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Back in Theaters! The Nightmare Before Christmas Production Design Secrets

Spiders are crawling, pumpkins are being carved, and the twinkle of Christmas is approaching. In other words, Halloween Town and Christmas Town are open for festivities!


The re-release of the iconic holiday classic, The Nightmare Before Christmas (1993), is back in theaters for its 30th anniversary on October 20th, 2023. In honor of this exciting return, we’re giving you the lowdown of the film’s spookiest production design secrets, set design, and filming process. 🎃💀🧡

Animated character walking on a curve in front of moon siloutte
The Nightmare Before Christmas GIF

THE NIGHTMARE BEFORE CHRISTMAS PRODUCTION DESIGN SECRETS


#1 The size of the film's production was incredibly enormous.


Production began in July 1991 with 230 individual sets and over 120 crew workers. This included 13 of the most talented animators, along with specially trained camera operators, puppet makers, set builders, and prop makers. Over a three year period, they filled 20 sound stages and assembled over 227 animation puppets for the film’s characters..


#2 The art directors drew inspiration from the pen and ink illustrations of artists like Ronald Searle and Edward Gorey.


black and white pen and ink illustration

Etch clay miniature set from The Nightmare Before Christmas

To reproduce some of these elaborate sketching and cross-hatching imagery, they took the sets and spread clay or plaster on them. They then inscribed lines all over them for an etched, textural feel. This made the sets feel like a living illustration.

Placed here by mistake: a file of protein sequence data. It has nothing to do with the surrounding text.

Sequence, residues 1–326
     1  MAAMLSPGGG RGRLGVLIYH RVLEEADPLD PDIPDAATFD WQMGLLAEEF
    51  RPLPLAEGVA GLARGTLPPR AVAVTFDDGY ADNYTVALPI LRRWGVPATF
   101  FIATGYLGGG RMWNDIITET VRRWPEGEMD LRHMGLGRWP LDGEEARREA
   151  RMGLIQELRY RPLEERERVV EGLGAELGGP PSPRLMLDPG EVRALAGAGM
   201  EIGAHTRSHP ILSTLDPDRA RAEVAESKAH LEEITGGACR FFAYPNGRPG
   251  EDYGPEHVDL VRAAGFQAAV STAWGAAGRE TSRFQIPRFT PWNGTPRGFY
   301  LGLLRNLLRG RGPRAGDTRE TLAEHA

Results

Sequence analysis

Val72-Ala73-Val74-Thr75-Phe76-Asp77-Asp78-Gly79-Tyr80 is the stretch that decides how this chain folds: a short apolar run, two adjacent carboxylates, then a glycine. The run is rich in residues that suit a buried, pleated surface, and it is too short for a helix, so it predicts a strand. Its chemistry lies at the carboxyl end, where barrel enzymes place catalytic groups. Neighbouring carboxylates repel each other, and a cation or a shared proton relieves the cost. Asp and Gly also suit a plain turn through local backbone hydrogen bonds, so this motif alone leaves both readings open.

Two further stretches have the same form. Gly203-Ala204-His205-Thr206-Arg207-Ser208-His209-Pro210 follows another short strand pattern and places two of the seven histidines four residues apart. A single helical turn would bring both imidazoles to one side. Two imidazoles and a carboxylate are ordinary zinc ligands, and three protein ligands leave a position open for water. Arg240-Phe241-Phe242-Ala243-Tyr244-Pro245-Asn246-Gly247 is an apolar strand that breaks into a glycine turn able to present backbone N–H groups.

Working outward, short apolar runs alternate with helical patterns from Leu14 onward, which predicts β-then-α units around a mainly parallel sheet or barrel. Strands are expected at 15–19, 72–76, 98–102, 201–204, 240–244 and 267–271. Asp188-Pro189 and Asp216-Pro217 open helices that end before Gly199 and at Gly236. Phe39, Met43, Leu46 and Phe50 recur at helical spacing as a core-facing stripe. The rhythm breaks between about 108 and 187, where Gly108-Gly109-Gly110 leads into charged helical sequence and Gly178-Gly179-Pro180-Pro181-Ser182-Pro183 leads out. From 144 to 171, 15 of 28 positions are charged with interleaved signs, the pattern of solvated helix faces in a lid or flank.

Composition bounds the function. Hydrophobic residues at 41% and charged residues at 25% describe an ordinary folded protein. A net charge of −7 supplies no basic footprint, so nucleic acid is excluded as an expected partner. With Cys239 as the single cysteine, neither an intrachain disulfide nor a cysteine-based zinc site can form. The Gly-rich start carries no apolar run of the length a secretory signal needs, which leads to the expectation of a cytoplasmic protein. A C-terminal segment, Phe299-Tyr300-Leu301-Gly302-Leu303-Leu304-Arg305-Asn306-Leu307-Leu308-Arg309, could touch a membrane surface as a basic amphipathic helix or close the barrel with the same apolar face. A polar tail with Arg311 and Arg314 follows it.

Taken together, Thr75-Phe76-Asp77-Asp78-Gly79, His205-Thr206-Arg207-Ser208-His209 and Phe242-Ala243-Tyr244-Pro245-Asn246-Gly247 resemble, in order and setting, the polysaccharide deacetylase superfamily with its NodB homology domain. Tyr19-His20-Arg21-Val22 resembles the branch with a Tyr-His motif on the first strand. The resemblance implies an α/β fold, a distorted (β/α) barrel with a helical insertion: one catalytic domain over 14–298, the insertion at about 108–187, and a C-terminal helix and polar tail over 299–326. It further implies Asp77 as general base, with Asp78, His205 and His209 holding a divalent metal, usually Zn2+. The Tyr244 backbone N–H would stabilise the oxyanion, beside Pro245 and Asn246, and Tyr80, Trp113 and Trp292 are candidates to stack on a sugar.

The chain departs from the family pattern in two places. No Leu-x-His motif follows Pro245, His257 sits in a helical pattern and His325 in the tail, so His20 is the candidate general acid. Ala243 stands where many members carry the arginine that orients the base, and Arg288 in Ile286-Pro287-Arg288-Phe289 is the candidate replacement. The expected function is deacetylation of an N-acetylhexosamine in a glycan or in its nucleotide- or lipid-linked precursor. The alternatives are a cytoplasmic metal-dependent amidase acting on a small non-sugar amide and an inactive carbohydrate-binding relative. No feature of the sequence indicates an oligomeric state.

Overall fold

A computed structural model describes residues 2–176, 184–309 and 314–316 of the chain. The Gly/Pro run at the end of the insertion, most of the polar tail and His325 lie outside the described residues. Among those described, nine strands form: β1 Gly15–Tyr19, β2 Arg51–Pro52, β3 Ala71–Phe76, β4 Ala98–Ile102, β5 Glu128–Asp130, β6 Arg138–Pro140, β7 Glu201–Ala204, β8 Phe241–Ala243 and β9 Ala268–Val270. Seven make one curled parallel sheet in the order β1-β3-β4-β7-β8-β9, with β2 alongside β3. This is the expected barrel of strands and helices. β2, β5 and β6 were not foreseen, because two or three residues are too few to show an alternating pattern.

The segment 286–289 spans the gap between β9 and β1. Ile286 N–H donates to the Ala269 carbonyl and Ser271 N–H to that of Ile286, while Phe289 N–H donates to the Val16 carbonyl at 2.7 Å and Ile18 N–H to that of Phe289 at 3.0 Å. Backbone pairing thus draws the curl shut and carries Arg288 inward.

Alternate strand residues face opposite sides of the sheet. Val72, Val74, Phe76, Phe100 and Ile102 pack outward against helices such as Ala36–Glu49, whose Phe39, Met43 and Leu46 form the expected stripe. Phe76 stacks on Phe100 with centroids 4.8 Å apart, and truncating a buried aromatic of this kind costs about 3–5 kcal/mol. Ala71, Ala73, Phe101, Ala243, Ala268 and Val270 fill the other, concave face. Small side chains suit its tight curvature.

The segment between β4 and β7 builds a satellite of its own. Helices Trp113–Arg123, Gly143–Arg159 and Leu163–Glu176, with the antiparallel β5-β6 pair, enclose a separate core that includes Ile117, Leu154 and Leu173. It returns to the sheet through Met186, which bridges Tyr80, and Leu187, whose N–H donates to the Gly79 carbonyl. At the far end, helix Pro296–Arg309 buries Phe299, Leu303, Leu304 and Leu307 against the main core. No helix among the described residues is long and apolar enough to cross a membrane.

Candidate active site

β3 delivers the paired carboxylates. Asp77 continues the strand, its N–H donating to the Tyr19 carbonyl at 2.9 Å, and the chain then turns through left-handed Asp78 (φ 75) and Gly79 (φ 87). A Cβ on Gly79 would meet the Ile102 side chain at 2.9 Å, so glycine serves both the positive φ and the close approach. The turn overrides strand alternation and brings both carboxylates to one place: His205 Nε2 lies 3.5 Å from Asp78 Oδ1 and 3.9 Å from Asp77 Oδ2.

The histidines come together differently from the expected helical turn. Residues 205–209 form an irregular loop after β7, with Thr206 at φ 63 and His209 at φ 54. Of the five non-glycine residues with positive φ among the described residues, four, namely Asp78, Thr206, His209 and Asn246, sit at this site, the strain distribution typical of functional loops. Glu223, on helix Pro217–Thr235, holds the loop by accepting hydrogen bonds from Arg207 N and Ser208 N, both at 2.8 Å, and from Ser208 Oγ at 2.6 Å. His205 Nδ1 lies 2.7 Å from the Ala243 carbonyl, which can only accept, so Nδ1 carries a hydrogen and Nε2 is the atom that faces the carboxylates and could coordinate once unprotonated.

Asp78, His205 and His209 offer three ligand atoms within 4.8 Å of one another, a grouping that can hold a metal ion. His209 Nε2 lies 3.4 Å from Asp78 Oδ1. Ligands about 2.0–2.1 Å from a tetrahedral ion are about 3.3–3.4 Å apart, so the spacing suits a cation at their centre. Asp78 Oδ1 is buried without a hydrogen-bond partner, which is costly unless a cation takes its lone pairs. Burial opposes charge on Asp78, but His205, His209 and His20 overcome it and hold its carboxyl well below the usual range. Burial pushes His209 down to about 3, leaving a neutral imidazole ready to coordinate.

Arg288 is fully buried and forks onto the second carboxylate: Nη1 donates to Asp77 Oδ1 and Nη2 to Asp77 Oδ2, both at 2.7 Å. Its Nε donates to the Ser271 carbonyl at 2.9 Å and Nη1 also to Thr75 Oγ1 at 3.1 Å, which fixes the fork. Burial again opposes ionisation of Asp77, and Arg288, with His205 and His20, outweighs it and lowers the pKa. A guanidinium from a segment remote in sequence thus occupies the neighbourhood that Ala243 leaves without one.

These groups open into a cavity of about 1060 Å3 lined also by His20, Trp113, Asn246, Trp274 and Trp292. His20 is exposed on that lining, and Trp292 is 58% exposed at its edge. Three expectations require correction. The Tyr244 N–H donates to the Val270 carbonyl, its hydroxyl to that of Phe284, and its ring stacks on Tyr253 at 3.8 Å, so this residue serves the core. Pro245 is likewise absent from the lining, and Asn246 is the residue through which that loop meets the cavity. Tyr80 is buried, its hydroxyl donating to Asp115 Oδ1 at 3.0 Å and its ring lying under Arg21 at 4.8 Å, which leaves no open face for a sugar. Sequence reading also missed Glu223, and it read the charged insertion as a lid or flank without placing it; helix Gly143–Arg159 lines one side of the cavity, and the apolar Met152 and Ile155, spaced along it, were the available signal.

#3 Set designer Greg Olson created quarter scale mock-ups of each set.


 Set designer Greg Olson created quarter scale mock-ups of each set. Set designer Greg Olson standing over quarter scale mock-ups of sets from The Nightmare Before Christmas

A quarter scale mock-up is a smaller version of the actual set. These mock-ups are created once the conceptual designs are complete and are helpful for set designers to envision the concept in three dimensions. For this particular set, the quarter scale mock-up was used to decide where to add breaks and trap doors so that the puppeteers could reach certain areas of the set in order to perform the animation. Director Henry Selick also used a director’s viewfinder on the mock-up to practice what he wanted to see on film.


#4 Lighting was an essential part in defining the design direction of the film.


Behind the scenes on set of The Nightmare Before Christmas

This story deviated from the conventional high-key soft lighting used in traditional animation. The Nightmare theme demanded stark contrasts, hard lighting, and prominent shadows. Cinematographer Pete Kozachik found inspiration in black-and-white period thrillers, influencing the film's techniques, which included emphasizing hard lighting, creating contrasting planes, and integrating shadows and theatrical pools.


Selective contrast enhancement was achieved by applying black and white paint to specific areas of the set, challenging the lighting crews accustomed to clear animation. Balancing mood, lighting, and character visibility was the goal, aided by narrow-beamed special lights and animator cooperation.